How are you?

Published 29th June 2011
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How are you?

“How are you?” seems to have become a habitual phrase used to start off a conversation. Something we put in before getting down to the nitty gritty of what we wanted to talk about. Rather than a real enquiry about someone’s well-being. Although we don’t have many of these habitual phrases in English, in some languages they’re not only very common. But also an essential part of daily life, particularly in the working environment.


In Japan, for example, at the end of the working day colleagues take leave of each other with the words お疲れ様でした (otsukare sama deshita). This literally means “you must be tired” (after a day of hard work). It’s customary to use the same phrase when going home after any kind of group or activity you belong to, such as after a sport or gym class. It’s a respectful way of thanking others for their hard work, and for taking your leave. It is therefore an essential part of the process of going home.

Another crucial phrase is お先に失礼します (osaki ni shitsurei shimasu). This is an apology to colleagues who still have work to do that you are leaving the office before them. This phrase highlights the sense of duty and solidarity towards one’s co-workers and company which is part of Japanese culture. For example, in Japan, it is frowned upon to leave the office before the boss of the company.


It’s not only in working life that phrases like this are used. Before starting a meal in Japan, it’s customary to say 戴きます (itadakimasu). Which literally translates as “let’s eat”, but is used as a way of expressing gratitude to whoever has supplied and cooked the food.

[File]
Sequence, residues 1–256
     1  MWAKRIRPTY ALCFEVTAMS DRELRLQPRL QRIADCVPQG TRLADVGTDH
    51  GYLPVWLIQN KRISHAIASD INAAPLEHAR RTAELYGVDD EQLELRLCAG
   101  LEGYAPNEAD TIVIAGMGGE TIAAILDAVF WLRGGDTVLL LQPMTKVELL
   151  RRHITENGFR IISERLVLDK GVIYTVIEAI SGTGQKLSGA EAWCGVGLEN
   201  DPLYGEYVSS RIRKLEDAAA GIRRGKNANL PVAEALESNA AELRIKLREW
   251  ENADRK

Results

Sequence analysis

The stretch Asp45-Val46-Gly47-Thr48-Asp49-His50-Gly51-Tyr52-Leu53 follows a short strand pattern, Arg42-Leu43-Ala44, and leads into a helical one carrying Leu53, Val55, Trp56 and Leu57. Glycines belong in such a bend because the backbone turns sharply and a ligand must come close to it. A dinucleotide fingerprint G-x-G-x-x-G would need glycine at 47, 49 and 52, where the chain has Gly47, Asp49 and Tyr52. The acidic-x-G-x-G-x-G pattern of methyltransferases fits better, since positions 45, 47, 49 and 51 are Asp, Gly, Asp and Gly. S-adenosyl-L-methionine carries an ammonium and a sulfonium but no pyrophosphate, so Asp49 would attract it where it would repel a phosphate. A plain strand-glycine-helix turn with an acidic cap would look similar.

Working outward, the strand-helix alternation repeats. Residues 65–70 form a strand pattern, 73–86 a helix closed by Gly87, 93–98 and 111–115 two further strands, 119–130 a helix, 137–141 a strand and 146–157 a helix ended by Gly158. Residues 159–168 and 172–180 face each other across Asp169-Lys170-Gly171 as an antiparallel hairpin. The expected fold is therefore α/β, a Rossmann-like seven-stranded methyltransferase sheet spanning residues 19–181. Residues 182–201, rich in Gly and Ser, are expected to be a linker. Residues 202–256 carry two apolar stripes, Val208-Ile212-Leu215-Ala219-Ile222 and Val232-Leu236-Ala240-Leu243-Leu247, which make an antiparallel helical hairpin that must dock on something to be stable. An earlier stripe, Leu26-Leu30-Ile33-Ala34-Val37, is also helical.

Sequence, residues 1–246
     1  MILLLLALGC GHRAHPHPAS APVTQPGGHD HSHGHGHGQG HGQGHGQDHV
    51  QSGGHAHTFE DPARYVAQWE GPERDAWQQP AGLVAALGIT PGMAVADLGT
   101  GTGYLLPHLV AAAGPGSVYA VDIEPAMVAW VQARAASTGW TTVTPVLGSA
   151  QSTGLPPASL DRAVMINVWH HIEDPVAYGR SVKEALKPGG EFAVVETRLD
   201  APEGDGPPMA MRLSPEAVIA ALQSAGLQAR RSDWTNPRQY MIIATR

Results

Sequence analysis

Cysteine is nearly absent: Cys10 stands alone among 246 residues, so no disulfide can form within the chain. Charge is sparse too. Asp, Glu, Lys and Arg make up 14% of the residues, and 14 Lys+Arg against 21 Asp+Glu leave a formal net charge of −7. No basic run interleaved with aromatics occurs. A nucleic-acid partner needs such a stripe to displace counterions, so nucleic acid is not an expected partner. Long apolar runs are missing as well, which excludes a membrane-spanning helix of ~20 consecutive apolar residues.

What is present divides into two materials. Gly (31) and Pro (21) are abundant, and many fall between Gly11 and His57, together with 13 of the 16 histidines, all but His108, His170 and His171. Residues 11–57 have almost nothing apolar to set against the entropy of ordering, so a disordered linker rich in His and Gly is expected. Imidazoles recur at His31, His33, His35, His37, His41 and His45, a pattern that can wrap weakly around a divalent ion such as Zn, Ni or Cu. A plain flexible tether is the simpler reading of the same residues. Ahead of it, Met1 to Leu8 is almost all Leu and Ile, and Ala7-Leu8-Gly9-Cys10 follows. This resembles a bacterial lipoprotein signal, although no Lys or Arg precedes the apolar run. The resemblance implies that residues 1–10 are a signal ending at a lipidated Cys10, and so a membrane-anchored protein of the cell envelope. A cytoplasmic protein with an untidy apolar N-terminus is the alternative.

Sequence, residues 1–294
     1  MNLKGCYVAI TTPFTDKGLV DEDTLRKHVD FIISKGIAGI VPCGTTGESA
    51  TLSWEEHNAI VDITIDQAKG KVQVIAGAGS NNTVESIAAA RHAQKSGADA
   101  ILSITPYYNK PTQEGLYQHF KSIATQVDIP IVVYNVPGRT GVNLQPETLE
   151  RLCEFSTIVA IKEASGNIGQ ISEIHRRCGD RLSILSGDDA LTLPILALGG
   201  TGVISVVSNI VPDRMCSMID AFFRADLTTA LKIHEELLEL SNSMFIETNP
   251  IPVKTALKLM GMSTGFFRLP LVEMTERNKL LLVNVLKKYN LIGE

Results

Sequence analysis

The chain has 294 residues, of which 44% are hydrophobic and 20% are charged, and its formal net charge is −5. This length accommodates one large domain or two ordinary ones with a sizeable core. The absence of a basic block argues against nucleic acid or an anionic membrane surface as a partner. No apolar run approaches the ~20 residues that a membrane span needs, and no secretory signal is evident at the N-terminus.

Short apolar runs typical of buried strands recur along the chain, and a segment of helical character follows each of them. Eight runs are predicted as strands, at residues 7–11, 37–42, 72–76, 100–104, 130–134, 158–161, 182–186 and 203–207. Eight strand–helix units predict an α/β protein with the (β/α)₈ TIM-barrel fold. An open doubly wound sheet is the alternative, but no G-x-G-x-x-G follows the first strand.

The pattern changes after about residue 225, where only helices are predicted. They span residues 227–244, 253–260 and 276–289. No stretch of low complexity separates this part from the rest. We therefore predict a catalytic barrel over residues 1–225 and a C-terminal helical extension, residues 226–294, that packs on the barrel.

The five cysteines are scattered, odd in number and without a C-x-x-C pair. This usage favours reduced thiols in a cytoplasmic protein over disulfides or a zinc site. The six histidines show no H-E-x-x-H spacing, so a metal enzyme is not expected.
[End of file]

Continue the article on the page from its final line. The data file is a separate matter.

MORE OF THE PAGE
¿Cómo estás?

La frase “¿Cómo estás?” parece haberse convertido en la forma más común de comenzar una conversación. Más que una pregunta real sobre cómo esa persona se encuentra. Es algo que empleamos antes de ir al grano sobre lo que queremos decir. A pesar de que en inglés no tenemos muchas de estas expresiones habituales, en algunos idiomas son, su uso es, además de muy común. Una parte esencial de la vida diaria, particularmente en el ambiente de trabajo.


En Japón, por ejemplo, al final del día los compañeros se despiden con la frase お疲れ様でした (otsukare sama deshita). Que significa literalmente “debes estar cansado” (tras un día de duro trabajo). Es costumbre usar la misma frase cuando uno se va a casa después de cualquier actividad o grupo al que perteneces, como una clase de deportes o de gimnasio. Se trata de una manera respetuosa de agradecer a los demás el duro trabajo y despedirte de ellos. Y por lo tanto, de una parte fundamental dentro del proceso de vuelta a casa.

Otra frase decisiva es お先に失礼します (osaki ni shitsurei shimasu). Que es una disculpa a los compañeros que todavía tienen trabajo que hacer por irte de la oficina antes que ellos. Esta frase pone de relieve el sentido de la obligación y solidaridad hacia los compañeros de trabajo y tu empresa, que forma parte de la cultura japonesa. Por ejemplo, en Japón está muy mal visto marcharse de la oficina antes de que lo haga el director de la compañía.

Sin embargo, este tipo de expresiones no sólo se usan en el embiente laboral. Antes de empezar a comer, es costumbre decir 戴きます (itadakimasu). Cuya traducción literal es “vamos a comer”, pero que sirve para expresar agradecimiento a aquellos que han provisto y cocinado la comida.

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